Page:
In Fig. 7 there is shown a further modification wherein a long range adjustable nozzle 26, is fixedly secured to the upper end of the rotarystem 12, through which water underpressure'is supplied to the nozzle 26. The runner or impellerlt rotating upon the stem 12 operatively' engages the vertically movable Weight 23 at each rotation to transmit an I impulse to the revoluble stem 12 turning the latter intermittentlywithin the coupling sleeve 4 and carrying with it'the long range adjustable nozzle 26. Thus instead of locatinga revoluble discharge head 9 below the runner or impeller 14;, as shown in Fig. 6, a discharge nozzle of anysuitable type may be mounted on the upper end of the revoluble stem to which motion is transmitted through the governor weight 23. YVhile for ordinary Y purposes the weight 23 may be made sufliciently heavy to perform its function in ef fecting rotation of the supporting shaft or stem, the quick return movement of-the member 23 may be effected by means of a spring 27 positioned about the shaft or stem 12 and bearing upon the axially movablecontrol member 23 in opposition to the influence of p the cam surface 19 upon the actuator or impeller. By the use of such spring for insuring the return of the 'reciprocatory control element 23, the device may be operated in various inclined positions or, in fact if necessary, in a horizontal position.
The long range nozzle 26 may be located below the level of the runner as shown in Fig. 8 wherein the nozzle '26 is connected directly to the trunnion 7, and the hollow stem 12 upon which is mounted the impeller 14 is connected to the top of the nozzle 26. The nozzle is provided with a boss from which arises the stem 12,. the top of the boss being formed into the cam surface 20.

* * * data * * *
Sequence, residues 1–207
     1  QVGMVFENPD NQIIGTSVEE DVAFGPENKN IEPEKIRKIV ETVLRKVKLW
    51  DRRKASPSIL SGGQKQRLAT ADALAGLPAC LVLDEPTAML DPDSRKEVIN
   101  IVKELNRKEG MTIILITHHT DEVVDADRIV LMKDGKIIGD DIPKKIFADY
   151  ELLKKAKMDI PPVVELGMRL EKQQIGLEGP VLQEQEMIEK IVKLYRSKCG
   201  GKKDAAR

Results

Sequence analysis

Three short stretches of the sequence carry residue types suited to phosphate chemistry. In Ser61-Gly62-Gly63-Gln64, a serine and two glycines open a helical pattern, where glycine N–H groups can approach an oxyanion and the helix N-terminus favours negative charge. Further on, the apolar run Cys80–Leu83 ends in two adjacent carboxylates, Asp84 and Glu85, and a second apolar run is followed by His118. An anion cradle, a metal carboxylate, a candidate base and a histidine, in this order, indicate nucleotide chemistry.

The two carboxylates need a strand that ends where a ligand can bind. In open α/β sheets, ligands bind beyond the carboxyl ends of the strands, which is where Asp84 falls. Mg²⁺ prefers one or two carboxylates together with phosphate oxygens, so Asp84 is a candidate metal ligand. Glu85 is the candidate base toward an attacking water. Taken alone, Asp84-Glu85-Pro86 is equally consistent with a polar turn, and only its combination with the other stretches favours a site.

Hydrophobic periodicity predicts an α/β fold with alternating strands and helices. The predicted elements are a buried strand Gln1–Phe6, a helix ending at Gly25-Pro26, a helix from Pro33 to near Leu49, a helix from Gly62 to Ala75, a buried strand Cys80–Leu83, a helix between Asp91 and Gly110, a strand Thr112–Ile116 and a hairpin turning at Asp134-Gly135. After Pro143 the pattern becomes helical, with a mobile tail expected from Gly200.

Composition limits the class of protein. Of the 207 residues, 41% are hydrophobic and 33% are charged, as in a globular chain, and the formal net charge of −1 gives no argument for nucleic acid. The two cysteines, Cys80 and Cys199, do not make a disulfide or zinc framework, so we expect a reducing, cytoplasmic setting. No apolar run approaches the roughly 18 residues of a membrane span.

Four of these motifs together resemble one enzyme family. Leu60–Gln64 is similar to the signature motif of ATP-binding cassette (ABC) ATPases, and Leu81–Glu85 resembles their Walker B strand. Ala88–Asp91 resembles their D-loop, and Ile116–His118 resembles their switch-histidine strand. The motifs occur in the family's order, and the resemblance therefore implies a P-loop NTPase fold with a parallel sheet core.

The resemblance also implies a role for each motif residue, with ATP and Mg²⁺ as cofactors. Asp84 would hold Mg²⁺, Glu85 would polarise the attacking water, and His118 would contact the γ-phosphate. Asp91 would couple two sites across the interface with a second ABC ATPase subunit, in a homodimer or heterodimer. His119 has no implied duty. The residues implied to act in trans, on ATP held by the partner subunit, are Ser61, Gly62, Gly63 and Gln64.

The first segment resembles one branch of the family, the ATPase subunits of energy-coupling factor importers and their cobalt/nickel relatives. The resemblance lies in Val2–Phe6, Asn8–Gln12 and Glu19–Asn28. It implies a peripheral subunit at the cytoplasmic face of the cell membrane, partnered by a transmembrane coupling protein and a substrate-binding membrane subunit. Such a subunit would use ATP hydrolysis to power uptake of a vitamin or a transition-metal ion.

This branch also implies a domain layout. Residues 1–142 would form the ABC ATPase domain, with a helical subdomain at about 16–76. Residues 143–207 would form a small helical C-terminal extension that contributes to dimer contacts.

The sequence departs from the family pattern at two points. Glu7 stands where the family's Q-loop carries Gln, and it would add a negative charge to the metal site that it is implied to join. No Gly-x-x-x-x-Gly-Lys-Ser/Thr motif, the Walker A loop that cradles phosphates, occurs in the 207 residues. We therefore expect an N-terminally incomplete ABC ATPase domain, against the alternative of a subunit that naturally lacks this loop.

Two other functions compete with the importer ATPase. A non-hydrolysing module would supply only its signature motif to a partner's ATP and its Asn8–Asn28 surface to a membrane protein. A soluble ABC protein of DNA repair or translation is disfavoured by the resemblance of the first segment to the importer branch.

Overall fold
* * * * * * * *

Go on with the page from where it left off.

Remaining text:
By locating the nozzle 26 immediately abovethe bearing sleeve 6 the reaction of the discharged water does not exert such side pressure upon the bearing of the trunnion 7 as in the construction shown in Fig. 7 due to the longer leverageof the connected. parts in the, latter.
i It is notat all essential that the trunnion or shaft shall rotate with the driven element, as heretofore described. In Fig. 9 there is shown a. further. modification wherein the trunnion stem 12 is stationarily mounted and both the distributor 9 and the impeller orrunner 14 are journalled about the stathat shown in Figs. 1 to 4 inclusive.
WVhile this speed reduction device has been described more particularly in adaptation for slow motion rotary sprinklers, it will be obvious that this device may be applied to other mechanisms, wherein it may be desired to transmit slow motion from a rapidly rotating prime mover to a slow motion driven element mounted concentrically for unison rotation about a common axis.
' The present construction is applicable to permanently'installed sprinkler systems as Well as portable sprinklers, and by pivoting the jet arms 15 to the impeller as shown 1n my prior Patents No. 1,605,242 dated, 'Nov.
2, 1926, and 1,665,371 dated, April 10, 1928, the present construction maybe employed in pop-up sprinkler systems wherein the sprinkler mechanism is automatically -retracted into a receiver below the surface of the ground when not in use. a i